Broadcasting in the English summer May 20, 2005

Channel 4 cop out after Reeve's departure

After five years as a Channel 4 summariser, Dermot Reeve has decided to call it a day



Dermot Reeve: more play, less commentary in prospect © Getty Images

There'll be no more Imran Khan impressions to enliven the rain breaks. No more baiting of the uber-geek, Simon Hughes, as he sits, sardine-like, inside his analyst's pod. And no more bleary-eyed stumbling to the mike, several hours' late after another busy night on the tiles. After five years as a Channel 4 summariser, Dermot Reeve has decided to call it a day.

Reeve had no comment to make in the immediate aftermath of his departure, but in his playing days, he was one of the most innovative captains the game has known. As an irrepressibly inventive medium-pace bowler and a hard-hitting lower middle-order batsman, he guided Warwickshire to unprecedented success in the early 1990s, as well as playing in three Tests and 29 one-day internationals, including the World Cup final against Pakistan in 1991-92.

His commentary style was equally off-the-cuff and abrasive. He was by no means the star turn of an impressively varied Channel 4 team, but he more than held his own alongside the likes of Richie Benaud, Geoff Boycott and Mike Atherton, even if his timekeeping wasn't everything it might have been. In 2004, he was disciplined by his employers for a particularly late arrival at the Lord's Test against New Zealand, and was suspended from the commentary team for the second Test at Headingley.

Perhaps thinking that they need to restore some order following the loss of this maverick, Channel 4 have gone to the opposite extreme. For the opening Test of the summer, Reeve's shoes will be filled by the immaculately turned-out and impeccably credentialled former England captain, Alec Stewart. Punctuality's gain, it seems, will be spontaneity's loss.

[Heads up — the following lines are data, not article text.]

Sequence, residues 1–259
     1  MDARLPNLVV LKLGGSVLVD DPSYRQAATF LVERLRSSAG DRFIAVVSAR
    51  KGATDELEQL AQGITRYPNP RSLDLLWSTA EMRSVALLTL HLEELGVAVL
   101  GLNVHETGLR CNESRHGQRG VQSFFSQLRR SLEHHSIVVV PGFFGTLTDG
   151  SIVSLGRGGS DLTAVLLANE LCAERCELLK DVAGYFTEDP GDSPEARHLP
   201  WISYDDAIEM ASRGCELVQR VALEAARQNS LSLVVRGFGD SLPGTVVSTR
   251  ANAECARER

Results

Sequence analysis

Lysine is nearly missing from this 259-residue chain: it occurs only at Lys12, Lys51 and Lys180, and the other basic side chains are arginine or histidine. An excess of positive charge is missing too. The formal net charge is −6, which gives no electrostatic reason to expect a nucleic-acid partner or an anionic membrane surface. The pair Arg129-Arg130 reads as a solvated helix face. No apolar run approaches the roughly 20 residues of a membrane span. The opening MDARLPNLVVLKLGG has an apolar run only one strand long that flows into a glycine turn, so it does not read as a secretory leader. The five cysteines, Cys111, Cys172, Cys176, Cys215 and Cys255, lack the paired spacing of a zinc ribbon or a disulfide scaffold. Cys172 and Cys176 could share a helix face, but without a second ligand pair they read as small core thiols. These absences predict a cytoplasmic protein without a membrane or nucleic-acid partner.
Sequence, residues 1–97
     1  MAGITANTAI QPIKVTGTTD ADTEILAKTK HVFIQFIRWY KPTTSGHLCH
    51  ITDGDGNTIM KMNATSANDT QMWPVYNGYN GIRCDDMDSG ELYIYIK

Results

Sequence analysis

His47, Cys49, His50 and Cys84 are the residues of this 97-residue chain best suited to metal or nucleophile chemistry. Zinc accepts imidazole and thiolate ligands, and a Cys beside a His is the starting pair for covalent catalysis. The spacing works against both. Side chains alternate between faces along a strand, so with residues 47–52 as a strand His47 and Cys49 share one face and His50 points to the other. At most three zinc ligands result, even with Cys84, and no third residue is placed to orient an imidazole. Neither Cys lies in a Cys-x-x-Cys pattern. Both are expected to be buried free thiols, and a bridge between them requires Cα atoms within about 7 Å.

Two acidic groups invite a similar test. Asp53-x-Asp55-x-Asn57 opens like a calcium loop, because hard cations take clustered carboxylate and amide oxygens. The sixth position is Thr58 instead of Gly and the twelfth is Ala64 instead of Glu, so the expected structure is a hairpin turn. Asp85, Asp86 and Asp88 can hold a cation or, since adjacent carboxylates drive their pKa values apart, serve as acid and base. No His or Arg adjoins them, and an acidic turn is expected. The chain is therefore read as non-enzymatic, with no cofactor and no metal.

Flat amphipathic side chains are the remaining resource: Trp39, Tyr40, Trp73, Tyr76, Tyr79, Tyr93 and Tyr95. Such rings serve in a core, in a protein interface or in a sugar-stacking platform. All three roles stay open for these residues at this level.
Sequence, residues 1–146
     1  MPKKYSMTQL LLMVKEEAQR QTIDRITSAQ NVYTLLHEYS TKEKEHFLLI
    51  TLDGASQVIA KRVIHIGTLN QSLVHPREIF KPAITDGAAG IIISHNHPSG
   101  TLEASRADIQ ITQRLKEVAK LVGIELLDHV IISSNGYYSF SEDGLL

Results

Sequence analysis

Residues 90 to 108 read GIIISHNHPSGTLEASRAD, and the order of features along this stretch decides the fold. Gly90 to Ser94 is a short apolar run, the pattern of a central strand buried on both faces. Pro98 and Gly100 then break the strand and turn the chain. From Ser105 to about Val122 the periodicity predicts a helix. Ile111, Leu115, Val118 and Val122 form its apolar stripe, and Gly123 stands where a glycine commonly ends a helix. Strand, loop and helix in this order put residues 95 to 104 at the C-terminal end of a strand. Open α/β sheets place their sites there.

Stewart, for all that he is English cricket's most-capped player of all time, is not a man renowned for the bon mot. Since retirement, he has been pressing the flesh in a specially created role at his beloved Surrey: "Director of New Business", which is a job description that conjures up images of Jim Hacker's Minister for Administrative Affairs

This is Channel 4's final summer of cricket before Sky swallows up every broadcasting right available, and this appointment is not an auspicious start. Given that Stewart, in September 2003, could barely contain his glee at retiring from Test cricket before being subjected to a tour of Bangladesh - "Ask me again next month" he said at his final press call, "when you're all in Dhaka and I'm in Rome, watching Chelsea playing Lazio!" - it is unlikely that he will be brimful of insight when play gets underway.

In their six years of broadcasting Test cricket, Channel 4 have until now put their emphasis on excellence, rather than relying on big names to reel out the same old banalities. But that's not going to be the case for much longer. Stewart's last Test series as captain - the 1998-99 Ashes - led him to utter such gems as "I'd rather be one-down than two-down", and "I'm all up for keeping nought in the loss column for as long as possible". Stirring stuff indeed. One can but weep for the sad fading of a proud era of domestic broadcasting.

Andrew Miller is assistant editor of Cricinfo